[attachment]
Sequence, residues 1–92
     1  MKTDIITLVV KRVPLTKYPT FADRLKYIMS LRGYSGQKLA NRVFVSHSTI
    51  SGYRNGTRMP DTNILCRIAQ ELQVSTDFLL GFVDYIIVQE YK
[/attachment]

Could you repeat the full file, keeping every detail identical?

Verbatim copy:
Sequence, residues 1–92
     1  MKTDIITLVV KRVPLTKYPT FADRLKYIMS LRGYSGQKLA NRVFVSHSTI
    51  SGYRNGTRMP DTNILCRIAQ ELQVSTDFLL GFVDYIIVQE YK